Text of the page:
Magazine article The Spectator

'Gun Baby Gun: A Bloody Journey into the World of the Gun', by Iain Overton - Review

Magazine article The Spectator

'Gun Baby Gun: A Bloody Journey into the World of the Gun', by Iain Overton - Review

Article excerpt

Gun Baby Gun: A Bloody Journey into the World of the Gun Iain Overton

Canongate, pp.358, £18.99, ISBN: 9781782113423

Like the documentary journalist Iain Overton, author of this book, I was taught to shoot and maintain a gun as a boy. As an adult I joined a campaign to monitor, curb and limit the arms trade. I taught my children good gun protocols and how to shoot. There is an undeniable pleasure in shooting.

When I moved to Texas I immediately bought a black powder Navy Colt with which to practise the cowboy spins, rolls and shifts I had learned as a boy. The thing Bible-belt Baptists, Bedouin tribesmen, Brazilian drug-barons and Boer farmers have in common is a love of guns. Guns are in our DNA. Yet statistics prove that, wherever they proliferate, murder and suicide rise and children are killed. The mantra of the NRA (National Rifle Association) of 'guns don't kill people; people kill people' sounds convincing until it's changed to 'guns don't kill children; children kill children'. The statistics are overwhelming.

Unlike Michael Moore, who in Bowling for Columbine fudged his statistics and loaded his arguments so much that he weakened his own case, Overton has checked his facts and his statistics thoroughly and wherever possible interviewed all concerned, whether in the Americas, Africa, Europe, Australia or Asia. As a result his book is chilling.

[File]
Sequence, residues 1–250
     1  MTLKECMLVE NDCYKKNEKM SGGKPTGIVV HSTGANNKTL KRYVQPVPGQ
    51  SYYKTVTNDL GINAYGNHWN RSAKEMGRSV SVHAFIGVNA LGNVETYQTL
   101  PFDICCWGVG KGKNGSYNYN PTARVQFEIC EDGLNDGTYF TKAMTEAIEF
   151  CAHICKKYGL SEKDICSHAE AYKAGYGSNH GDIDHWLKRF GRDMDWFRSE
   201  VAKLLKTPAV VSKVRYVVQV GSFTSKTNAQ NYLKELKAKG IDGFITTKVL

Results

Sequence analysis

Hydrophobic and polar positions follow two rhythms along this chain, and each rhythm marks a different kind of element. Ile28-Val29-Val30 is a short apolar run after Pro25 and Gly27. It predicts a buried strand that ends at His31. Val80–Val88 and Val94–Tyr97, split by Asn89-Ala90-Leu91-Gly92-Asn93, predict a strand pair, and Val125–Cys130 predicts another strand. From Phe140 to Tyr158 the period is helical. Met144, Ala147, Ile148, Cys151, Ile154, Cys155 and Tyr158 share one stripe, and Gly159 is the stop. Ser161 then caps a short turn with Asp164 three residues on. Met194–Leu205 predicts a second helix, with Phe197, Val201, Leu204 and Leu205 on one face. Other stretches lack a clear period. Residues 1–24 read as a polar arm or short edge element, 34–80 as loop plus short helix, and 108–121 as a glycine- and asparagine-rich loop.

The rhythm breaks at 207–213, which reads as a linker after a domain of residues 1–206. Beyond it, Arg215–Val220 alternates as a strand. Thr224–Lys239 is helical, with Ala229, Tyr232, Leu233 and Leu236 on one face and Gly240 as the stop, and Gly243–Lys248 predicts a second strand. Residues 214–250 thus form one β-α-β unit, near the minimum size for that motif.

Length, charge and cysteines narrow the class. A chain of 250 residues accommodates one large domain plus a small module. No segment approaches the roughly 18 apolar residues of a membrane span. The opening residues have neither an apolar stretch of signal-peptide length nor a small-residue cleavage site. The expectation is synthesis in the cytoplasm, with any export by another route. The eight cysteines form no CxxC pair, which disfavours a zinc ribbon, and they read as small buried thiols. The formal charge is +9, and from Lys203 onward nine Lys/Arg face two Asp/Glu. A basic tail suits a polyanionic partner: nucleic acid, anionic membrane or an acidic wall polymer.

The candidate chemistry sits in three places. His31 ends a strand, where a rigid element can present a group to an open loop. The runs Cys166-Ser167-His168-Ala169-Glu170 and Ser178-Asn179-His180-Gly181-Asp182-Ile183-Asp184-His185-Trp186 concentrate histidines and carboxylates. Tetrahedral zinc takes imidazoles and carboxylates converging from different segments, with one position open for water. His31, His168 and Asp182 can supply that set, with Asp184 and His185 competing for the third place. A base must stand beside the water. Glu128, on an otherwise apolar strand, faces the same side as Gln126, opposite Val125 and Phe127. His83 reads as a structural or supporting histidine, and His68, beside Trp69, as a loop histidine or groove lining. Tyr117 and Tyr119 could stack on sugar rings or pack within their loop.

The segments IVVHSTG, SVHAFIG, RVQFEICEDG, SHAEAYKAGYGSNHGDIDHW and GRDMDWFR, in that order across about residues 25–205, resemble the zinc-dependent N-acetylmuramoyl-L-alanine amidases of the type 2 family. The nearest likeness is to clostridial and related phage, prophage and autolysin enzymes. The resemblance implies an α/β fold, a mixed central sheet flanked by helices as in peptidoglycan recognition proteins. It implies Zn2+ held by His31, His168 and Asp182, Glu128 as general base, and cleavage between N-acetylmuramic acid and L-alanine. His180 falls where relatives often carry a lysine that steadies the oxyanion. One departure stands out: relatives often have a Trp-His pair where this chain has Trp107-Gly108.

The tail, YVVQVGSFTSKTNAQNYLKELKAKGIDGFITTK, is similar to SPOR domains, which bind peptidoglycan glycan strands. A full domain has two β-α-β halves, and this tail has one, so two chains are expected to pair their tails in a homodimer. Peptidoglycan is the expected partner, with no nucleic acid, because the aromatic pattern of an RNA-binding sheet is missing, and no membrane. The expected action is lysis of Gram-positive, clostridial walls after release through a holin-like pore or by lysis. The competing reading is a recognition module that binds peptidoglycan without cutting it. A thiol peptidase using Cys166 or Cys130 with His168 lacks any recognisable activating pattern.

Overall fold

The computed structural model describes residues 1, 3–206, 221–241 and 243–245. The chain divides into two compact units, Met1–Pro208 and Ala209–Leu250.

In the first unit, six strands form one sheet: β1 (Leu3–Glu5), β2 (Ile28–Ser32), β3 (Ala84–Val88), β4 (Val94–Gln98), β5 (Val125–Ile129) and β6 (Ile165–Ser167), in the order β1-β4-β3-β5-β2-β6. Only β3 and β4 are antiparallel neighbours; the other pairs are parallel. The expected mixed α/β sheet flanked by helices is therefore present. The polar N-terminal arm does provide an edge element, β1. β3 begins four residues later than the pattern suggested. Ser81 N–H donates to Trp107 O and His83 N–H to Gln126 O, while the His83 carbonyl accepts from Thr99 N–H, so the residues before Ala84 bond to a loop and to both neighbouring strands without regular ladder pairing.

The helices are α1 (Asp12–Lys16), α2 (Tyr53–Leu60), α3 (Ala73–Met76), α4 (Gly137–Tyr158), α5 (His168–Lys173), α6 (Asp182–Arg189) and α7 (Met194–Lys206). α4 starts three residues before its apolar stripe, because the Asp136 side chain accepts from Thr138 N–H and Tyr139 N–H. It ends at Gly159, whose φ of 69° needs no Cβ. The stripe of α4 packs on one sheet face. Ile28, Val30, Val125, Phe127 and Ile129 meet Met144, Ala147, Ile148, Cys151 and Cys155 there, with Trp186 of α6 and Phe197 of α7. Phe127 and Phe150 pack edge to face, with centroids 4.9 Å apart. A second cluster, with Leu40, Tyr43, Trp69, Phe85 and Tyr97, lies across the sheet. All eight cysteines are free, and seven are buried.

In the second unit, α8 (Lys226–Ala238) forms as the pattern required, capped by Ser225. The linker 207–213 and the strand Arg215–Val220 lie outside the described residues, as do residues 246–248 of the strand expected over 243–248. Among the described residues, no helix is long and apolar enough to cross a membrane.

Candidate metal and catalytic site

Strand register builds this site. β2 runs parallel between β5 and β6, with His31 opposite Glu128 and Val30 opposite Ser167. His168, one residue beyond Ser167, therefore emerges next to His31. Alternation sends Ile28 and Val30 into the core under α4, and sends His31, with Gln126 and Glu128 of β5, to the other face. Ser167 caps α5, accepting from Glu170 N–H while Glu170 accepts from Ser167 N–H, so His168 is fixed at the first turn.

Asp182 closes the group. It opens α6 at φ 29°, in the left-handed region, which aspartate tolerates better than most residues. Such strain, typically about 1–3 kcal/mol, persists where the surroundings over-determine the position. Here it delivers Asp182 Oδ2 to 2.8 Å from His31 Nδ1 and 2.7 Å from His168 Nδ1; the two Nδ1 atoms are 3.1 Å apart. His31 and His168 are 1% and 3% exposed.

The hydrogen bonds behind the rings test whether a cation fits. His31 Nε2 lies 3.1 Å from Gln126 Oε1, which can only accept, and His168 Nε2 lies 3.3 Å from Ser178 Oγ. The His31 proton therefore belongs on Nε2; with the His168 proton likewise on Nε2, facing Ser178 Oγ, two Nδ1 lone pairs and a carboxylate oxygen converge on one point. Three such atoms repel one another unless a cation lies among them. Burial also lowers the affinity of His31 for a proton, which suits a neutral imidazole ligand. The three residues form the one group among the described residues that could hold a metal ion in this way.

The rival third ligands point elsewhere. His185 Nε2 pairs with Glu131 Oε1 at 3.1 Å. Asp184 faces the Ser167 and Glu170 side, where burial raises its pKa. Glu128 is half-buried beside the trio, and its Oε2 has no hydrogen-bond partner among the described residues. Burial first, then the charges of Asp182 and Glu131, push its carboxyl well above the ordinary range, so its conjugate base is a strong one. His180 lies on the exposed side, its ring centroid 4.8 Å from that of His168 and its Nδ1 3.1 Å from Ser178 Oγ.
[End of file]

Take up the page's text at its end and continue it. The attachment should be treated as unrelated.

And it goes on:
There are probably as many guns in the world now as there are people. Unlike refrigerators, cars or vacuum cleaners, guns have to be made to last. This means that new markets constantly have to be found. Whenever a school shooting, in particular, happens in the USA there is a predictable, but by no means widespread, call for stricter gun laws -- and the sales of guns rise sharply. In a climate of fear, in spite of a declining crime rate, many Americans go out to buy themselves an AK-47.

Their decision is supported by a liberally interpreted constitutional amendment, a national organisation originally intended to train young marksmen, an aggressive gun industry and an almost mystical association of the gun with 'freedom'. For the British the symbol of government interference is the hated identity card. In the USA the symbol is gun control. The NRA is today essentially a trade lobby, but there are direct Washington lobbyists for the likes of Smith &Wesson, Glock and the rest, most tottering from one financial crisis to another whenever the trade reaches saturation. Enormous gun shows attract millions of men, some women and no black people at all. …

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